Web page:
The system includes diagnostic tools and monitoring devices for heart, blood pressure and temperature. Doctors at George Washington are able to see live feeds of the patient’s diagnostic data as well as a video feed.

While telemedicine is currently limited to Iraq, the plan is to expand the service to off-shore facilities for the oil and gas industry.

Medicare reimbursement an obstacle to telemedicine

While the benefits of telemedicine may seem obvious, the biggest barrier has been the limited reimbursement from Medicare.

In a rare bipartisan move, the U.S. Senate adopted the Creating High-Quality Results and Outcomes Necessary to Improve Chronic (CHRONIC) Care Act, representing the single largest expansion of telemedicine reimbursement in a long time, reports Dr. Mark McKenna

Details of the law include:

  • Allowing Medicare Advantage plans to include telemedicine as a primary service and not a supplemental benefit
  • Allowing reimbursement for telemedicine check-up visits for at-home dialysis patients
  • Expanding reimbursement for telestroke programs.

The House has adopted legislation covering similar aspects of the CHRONIC Care Act.

In addition, the federal legislative bodies have continued to offer and pass legislation calling for further study, analysis, and experimentation with telemedicine – including by the Center for Medicare & Medicaid Innovation (CMMI).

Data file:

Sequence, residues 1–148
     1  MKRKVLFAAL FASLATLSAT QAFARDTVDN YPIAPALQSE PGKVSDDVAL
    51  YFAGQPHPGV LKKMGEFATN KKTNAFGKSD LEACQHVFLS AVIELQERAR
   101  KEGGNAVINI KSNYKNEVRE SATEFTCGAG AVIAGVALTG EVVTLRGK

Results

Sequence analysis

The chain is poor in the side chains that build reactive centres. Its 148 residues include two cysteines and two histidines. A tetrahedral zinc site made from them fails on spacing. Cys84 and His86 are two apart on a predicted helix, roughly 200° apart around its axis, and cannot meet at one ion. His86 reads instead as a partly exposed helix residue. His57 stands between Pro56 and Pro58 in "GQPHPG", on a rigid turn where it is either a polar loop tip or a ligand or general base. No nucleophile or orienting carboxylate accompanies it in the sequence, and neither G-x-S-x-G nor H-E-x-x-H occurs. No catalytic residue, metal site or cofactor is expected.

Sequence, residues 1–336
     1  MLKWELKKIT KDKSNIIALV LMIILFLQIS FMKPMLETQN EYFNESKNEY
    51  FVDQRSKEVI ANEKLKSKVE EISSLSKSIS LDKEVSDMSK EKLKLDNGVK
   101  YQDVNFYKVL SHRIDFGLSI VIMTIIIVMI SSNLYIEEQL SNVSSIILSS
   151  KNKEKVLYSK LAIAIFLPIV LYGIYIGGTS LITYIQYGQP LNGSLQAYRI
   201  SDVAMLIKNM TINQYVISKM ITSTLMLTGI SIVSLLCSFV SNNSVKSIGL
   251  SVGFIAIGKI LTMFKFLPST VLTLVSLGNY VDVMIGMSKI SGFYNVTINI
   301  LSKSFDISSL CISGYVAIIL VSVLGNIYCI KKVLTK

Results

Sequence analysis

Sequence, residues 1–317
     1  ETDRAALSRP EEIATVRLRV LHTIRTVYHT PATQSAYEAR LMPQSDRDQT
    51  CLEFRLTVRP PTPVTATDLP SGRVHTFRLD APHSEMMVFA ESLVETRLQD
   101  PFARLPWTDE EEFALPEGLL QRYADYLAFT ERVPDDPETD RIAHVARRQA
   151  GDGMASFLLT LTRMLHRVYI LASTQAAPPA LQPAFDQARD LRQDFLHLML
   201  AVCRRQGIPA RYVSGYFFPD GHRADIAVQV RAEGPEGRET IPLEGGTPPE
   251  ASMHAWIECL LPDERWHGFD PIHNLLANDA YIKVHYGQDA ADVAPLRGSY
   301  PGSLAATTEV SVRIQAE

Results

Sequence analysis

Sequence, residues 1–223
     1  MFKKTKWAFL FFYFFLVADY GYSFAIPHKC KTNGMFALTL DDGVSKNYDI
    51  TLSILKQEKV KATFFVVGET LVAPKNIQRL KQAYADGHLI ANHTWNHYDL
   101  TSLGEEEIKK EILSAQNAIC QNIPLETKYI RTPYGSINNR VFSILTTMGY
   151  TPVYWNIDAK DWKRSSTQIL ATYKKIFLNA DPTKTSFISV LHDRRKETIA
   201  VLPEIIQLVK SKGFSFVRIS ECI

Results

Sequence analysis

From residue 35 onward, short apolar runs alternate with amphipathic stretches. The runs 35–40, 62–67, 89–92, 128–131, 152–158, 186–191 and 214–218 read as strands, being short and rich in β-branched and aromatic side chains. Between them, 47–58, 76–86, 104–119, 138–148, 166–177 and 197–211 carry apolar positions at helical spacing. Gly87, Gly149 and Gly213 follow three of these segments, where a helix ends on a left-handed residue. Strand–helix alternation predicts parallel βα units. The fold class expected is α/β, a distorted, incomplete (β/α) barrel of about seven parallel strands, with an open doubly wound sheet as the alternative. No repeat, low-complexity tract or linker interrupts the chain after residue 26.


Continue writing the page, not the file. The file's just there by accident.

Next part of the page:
These expansions to Medicare coverage and reimbursement have generated optimism, but problems remain. These are bills, after all, but not laws.

Also, prescribing via telemedicine continues to be difficult, hampered by old state anti-Internet pharmacy rules and restrictions imposed by the federal Ryan-Haight Act.

Another roadblock – the lack of public awareness about telemedicine.  Recent surveys indicate a that while many Americans use digital health tools they don’t understand whether those tools are covered by their healthcare plans.

And even though telemedicine reimbursement comprises just .00046 percent of Medicare reimbursement, the U.S. Department of Health and Human Services (HHS) Office of Inspector General has now formed a plan to track and monitor certain billing discrepancies – which could have chilling repercussions.

Most importantly, support for telemedicine appears to be expanding across the healthcare industry, says Dr. Mark McKenna. There now appears to be momentum that Medicare reimbursement for telemedicine services should be addressed, which would certain spur growth in this segment of the healthcare industry.

About Dr. Mark McKenna:

Dr. Mark McKenna is a medical doctor and entrepreneur -- the founder of ShapeMed, an Atlanta, GA-based wellness and aesthetics based medical practice that has evolved into an innovative, nationwide, physician-partner franchise model. Dr. McKenna was a featured guest on the inaugural episode of a CBS television show entitled Doctorpreneur which highlighted the entrepreneurial spirit in the medical and healthcare communities.

He is currently preparing to launch OVME, a consumer facing, technology enabled, medical aesthetic company that is reinventing elective healthcare.